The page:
Darkness falls everywhere. Night comes whether you call for it or not. Suddenly it’s there and it changes everything. I know I’m aware of it but still I’m not. Maybe I was just not prepared for it just then, there, in sunny Mazzano.
As long as I can remember I have been seeing the moon. Like I am, always, everywhere, looking out for it when darkness is trying to catch me. I get happy every time, like seeing an old dear friend. To my surprise it started appearing in Mazzano as well. Somehow I wasn’t ready for that either. But let’s start with the darkness.
Darkness changes everything. It changes colours, sounds and smells. It makes a familiar route seem unfamiliar and disorienting. It makes you feel lost, but it also embraces you. In daytime Mazzano, the most striking and dominant feature is the monumental landscape surrounding it. The city sits on top of it, looking out over it, making it present everywhere. But when darkness falls, the landscape almost disappears. Is it hiding in the darkness or is the darkness hiding in it. The edge between the sky and the trees become blurry, or maybe it vanished and they merge into one. As the landscape hides away, the city turns on its lights, contrasting the bluish darkness with its warm yellow lights.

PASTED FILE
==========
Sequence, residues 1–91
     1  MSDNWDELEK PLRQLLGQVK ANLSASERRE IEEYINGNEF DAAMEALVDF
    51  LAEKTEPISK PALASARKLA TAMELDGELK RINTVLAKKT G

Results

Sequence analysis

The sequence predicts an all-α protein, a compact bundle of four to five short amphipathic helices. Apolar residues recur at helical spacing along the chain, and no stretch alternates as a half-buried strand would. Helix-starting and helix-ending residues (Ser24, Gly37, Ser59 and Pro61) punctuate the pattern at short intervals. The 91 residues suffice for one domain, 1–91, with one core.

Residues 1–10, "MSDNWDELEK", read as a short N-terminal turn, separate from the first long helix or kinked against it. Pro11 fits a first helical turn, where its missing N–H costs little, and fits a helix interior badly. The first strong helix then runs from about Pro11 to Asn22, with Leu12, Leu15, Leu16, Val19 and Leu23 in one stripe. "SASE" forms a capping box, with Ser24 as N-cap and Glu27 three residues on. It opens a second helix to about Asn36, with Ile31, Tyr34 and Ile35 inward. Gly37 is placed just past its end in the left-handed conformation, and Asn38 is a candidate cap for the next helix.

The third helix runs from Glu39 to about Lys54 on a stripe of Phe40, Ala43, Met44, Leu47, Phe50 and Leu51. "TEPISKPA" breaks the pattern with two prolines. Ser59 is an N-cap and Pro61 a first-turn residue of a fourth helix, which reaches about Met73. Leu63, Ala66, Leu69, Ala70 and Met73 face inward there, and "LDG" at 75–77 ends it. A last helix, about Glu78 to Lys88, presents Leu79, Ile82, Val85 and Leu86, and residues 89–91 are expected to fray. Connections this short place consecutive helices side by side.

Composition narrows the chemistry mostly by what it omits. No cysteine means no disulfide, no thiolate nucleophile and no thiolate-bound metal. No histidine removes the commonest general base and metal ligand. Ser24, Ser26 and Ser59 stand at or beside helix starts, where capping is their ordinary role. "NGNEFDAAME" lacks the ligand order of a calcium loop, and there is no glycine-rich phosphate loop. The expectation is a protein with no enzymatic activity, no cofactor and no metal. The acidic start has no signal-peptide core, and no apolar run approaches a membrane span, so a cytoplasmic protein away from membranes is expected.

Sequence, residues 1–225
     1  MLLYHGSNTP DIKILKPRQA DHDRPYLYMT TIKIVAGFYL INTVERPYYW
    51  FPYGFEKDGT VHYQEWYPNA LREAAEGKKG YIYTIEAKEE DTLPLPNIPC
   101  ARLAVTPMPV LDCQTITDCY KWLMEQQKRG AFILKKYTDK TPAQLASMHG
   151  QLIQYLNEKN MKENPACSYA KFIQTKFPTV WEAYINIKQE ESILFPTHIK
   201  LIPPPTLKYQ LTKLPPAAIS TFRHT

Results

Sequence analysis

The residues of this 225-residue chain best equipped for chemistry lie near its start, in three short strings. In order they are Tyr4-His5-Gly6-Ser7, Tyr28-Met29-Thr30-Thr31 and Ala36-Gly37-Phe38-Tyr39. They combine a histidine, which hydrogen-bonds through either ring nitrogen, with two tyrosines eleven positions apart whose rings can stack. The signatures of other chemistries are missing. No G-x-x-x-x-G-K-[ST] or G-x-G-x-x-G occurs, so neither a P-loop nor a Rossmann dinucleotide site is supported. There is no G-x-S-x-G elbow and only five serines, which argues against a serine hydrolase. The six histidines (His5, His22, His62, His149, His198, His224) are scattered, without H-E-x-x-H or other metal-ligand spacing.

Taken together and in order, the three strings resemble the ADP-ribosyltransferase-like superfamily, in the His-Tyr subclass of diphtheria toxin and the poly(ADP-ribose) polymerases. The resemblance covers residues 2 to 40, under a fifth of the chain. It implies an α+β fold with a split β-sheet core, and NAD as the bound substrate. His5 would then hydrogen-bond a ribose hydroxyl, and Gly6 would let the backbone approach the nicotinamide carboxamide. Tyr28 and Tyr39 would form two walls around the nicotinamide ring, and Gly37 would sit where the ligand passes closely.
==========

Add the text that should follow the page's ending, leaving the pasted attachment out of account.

And the yellow lights are everywhere. The ones that I particularly think of are perfect spheres of yellow light. Like small full moons adding mood light for the teens in the park. The first time I saw them was walking home from the dinner at the restaurant in the new part of town. Maybe it was a coincidence that I had been watching the moon during the whole dinner and then these small moons was guiding us back home. Taking care of us like old friends. Isn’t that how street lights should really feel like?
In places like Mazzano, the darkness can become almost overwhelming. But it can also be soothing. Several times I found myself looking out over the dark landscape, maybe at first trying to find the blurry edge, but then just listening instead. All sounds somehow clearer. I could hear the river and the frogs below as if they were right next to me. Maybe nothing else was distracting me anymore.
Except the moon and the stars of course. Or is it too obvious to even mention them now? I saw the newly awakened moon from the church parking lot. I also saw Jupiter, which is very easy to mistake for an orange-looking star. Many times I looked for the moon only to find it was hiding behind the new part of town, or at least I assume it was. The stars were plenty though, always, glowing white dots in the dark blue mass that is the night sky. Who says that there’s nothing to see in darkness?
I’m not sure if this is a love song to Mazzano at night. Or to the moon. Or darkness in general. But it most probably is.